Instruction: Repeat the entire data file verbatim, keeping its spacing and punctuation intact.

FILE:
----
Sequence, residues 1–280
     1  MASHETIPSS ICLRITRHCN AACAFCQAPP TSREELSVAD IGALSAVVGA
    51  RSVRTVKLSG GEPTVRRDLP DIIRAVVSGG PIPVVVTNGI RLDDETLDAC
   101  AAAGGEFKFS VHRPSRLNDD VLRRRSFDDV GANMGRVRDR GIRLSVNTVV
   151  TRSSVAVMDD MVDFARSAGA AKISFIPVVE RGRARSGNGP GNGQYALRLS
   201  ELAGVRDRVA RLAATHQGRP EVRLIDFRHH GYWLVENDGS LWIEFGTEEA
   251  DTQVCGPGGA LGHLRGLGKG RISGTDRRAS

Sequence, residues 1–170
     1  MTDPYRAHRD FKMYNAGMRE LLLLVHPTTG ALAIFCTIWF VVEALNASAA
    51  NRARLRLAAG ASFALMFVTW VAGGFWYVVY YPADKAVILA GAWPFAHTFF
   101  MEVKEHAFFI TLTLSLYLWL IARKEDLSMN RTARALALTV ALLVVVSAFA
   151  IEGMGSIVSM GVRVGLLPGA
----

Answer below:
Sequence, residues 1–280
     1  MASHETIPSS ICLRITRHCN AACAFCQAPP TSREELSVAD IGALSAVVGA
    51  RSVRTVKLSG GEPTVRRDLP DIIRAVVSGG PIPVVVTNGI RLDDETLDAC
   101  AAAGGEFKFS VHRPSRLNDD VLRRRSFDDV GANMGRVRDR GIRLSVNTVV
   151  TRSSVAVMDD MVDFARSAGA AKISFIPVVE RGRARSGNGP GNGQYALRLS
   201  ELAGVRDRVA RLAATHQGRP EVRLIDFRHH GYWLVENDGS LWIEFGTEEA
   251  DTQVCGPGGA LGHLRGLGKG RISGTDRRAS

Sequence, residues 1–170
     1  MTDPYRAHRD FKMYNAGMRE LLLLVHPTTG ALAIFCTIWF VVEALNASAA
    51  NRARLRLAAG ASFALMFVTW VAGGFWYVVY YPADKAVILA GAWPFAHTFF
   101  MEVKEHAFFI TLTLSLYLWL IARKEDLSMN RTARALALTV ALLVVVSAFA
   151  IEGMGSIVSM GVRVGLLPGA